Some time last semester, I went to the Ministry House on Whitney Avenue to read The Journal of Hélène Berr, a French Jew who documented the Nazi occupation in France and died in Auschwitz, for my Representing the Holocaust seminar. Next to a certain passage where Berr speaks about the passivity of Catholics and their priests in response “to the most flagrant violations of Christ’s laws,” there was a note written in black pen. It said:
“If Christianity is so prominent, how did the Holocaust even happen? Because Christianity is BS.”
A question, then a sudden answer. How did this person reach this conclusion so quickly? What else could have prompted that thought? What’s their worldview? What’s their story?
When I come across these notes inside used books, I wonder about the note-taker. The printed content of library books, although relevant, doesn’t stand out as much as the notes. I wonder how the previous reader interacted with certain chapters, how they reacted to certain lines, why they decided to highlight a specific passage in yellow, blue, green, to annotate, to doodle, to ask a question, to state a thought, to provide a summary. They probably recognized something as cool, interesting, or significant enough to remember for a project, discussion, career, personal life. It may have been a fragment, sentence, or passage that normally would have been skimmed over or brought up in discussion only to be forgotten just as quickly. But it was deemed important in some way, so important that they felt the need to mark their own words next to typed, printed, revised words inside a book.
Words are mysterious without an author. Underneath online inspirational quotes or mantras, graffiti on a public bathroom wall, or scribbled reminders on a post-it tossed on the floor, I’m always looking for a signature, a tag, or a name. Anyone could claim something anonymous as their words, their art, and it may as well be theirs. If it’s handwritten, the only way to prove that it’s your words is to write something. If it’s typed—well, forget the handwriting analysis.
Finding these anonymous notes feels intimate. I used to buy new books when I read in middle school: I liked the scent of a “new book,” the feeling of the crisp pages, the idea that it was my book because I bought it with my money. I stopped reading in high school because I lost interest and track of time. I preferred to have real-life adventures with people inside than read about Odysseus. But nowadays there’s not many people to talk to without the presence of a barrier. It’s slightly awkward having a conversation with new friends and sharing deep thoughts with close friends over Zoom or FaceTime. The virtual barrier hinders natural conversation: there’s always a connectivity issue, a distraction, a “Sorry, can you say that again?” And there’s an obvious physical barrier talking with others face-to-face (it’s more like half-face-to-half-face). In the used book, the only barrier is that of anonymity. The previous reader’s words don’t have an author or author’s biography attached to them, but that doesn’t make the thoughts any less credible. It almost feels like the reader is reading alongside me, learning, spontaneously and critically thinking with me (with thoughts that are more relatable and direct than the ideas that some books cover). It feels like the college experience that I wanted to have, the one depicted in brochures inside the Undergraduate Admissions Office. The one where there is constant conversation about theories, ramblings, concepts that continues after stepping in and out of the classroom, in a line outside of Haven Hot Chicken, in a study room in the Bass Library, in a suite.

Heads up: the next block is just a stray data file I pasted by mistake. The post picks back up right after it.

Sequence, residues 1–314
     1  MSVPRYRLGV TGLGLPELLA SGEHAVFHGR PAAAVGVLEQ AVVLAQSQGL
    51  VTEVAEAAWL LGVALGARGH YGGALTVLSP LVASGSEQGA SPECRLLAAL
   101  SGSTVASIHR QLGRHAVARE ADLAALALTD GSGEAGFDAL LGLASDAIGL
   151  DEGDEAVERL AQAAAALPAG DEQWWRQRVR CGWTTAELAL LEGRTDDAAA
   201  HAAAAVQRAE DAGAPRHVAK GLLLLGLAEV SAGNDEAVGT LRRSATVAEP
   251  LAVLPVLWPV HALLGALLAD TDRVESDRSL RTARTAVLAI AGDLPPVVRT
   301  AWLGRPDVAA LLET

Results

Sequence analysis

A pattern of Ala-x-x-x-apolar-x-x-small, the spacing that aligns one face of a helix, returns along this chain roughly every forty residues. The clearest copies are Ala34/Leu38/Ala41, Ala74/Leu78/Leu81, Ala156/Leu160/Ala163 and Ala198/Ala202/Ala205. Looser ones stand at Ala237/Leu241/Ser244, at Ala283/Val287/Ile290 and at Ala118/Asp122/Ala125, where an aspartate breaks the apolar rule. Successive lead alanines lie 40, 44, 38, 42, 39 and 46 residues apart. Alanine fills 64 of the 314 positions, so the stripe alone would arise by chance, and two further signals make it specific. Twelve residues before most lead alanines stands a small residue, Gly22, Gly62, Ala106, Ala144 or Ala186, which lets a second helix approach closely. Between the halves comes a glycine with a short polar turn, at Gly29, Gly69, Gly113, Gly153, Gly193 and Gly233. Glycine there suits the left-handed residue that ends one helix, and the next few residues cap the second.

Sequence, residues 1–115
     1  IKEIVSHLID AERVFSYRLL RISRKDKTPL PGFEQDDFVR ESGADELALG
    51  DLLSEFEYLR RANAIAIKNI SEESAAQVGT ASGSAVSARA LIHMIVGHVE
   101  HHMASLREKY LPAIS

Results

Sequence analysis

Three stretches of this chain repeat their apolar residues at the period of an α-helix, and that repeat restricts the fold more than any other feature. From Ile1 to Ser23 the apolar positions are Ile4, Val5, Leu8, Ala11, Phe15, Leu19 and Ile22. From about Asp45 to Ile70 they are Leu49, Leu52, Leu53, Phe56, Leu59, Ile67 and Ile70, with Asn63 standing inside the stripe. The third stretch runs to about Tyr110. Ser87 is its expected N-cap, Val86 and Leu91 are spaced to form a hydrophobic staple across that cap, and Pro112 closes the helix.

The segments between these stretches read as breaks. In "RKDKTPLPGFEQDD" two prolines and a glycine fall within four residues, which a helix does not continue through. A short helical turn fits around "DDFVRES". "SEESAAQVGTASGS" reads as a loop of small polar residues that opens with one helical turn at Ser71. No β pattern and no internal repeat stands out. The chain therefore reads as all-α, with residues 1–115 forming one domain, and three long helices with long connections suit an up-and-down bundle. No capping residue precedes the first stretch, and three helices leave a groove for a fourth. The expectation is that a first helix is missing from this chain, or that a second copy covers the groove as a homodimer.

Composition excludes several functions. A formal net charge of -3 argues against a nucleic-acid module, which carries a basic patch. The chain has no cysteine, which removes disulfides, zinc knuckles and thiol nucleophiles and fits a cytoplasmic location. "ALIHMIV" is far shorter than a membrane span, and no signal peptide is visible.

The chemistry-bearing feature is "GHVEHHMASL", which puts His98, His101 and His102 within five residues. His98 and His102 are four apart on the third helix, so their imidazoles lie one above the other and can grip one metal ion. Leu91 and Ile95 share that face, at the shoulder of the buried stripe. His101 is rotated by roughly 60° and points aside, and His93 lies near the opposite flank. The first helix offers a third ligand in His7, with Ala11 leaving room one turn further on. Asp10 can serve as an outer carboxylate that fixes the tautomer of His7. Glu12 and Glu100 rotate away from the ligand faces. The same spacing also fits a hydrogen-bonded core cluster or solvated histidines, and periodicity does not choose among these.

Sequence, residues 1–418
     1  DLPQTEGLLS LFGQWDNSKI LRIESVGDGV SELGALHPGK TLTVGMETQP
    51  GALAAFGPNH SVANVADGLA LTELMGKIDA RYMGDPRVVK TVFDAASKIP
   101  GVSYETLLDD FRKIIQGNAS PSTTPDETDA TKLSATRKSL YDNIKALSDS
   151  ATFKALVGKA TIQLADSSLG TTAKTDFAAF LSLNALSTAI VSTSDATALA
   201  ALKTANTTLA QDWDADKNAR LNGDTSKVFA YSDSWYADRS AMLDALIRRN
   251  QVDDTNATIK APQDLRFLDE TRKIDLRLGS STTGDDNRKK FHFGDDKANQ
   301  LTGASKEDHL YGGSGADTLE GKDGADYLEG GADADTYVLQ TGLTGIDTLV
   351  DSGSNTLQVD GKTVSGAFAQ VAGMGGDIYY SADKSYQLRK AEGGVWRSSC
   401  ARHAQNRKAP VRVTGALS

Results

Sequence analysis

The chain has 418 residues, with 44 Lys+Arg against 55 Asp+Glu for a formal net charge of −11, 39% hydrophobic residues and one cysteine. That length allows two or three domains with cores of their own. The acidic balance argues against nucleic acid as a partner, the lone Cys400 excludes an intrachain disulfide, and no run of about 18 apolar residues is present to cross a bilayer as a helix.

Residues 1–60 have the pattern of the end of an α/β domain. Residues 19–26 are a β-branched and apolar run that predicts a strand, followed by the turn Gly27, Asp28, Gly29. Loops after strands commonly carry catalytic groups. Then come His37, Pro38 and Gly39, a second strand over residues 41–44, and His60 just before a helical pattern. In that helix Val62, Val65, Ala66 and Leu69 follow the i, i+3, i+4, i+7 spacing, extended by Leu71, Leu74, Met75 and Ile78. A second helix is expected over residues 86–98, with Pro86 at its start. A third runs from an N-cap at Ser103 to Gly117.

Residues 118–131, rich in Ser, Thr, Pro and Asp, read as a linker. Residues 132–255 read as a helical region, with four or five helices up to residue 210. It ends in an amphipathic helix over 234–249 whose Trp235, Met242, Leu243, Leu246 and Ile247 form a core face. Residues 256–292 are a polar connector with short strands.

Thoughts are never concise, at least inside the mind. They require some articulating so that they make sense, they’re short-ish, and they sound interesting or important enough. This is what books do (and thank God, because I don’t think anyone could read a book that transcribed someone’s stream of consciousness). But I think that those spontaneous, brief thoughts that often pop into our minds are more relatable and say much more than what a book can address. A thought usually never finishes after the last page; it rolls on forever, forever on an odyssey.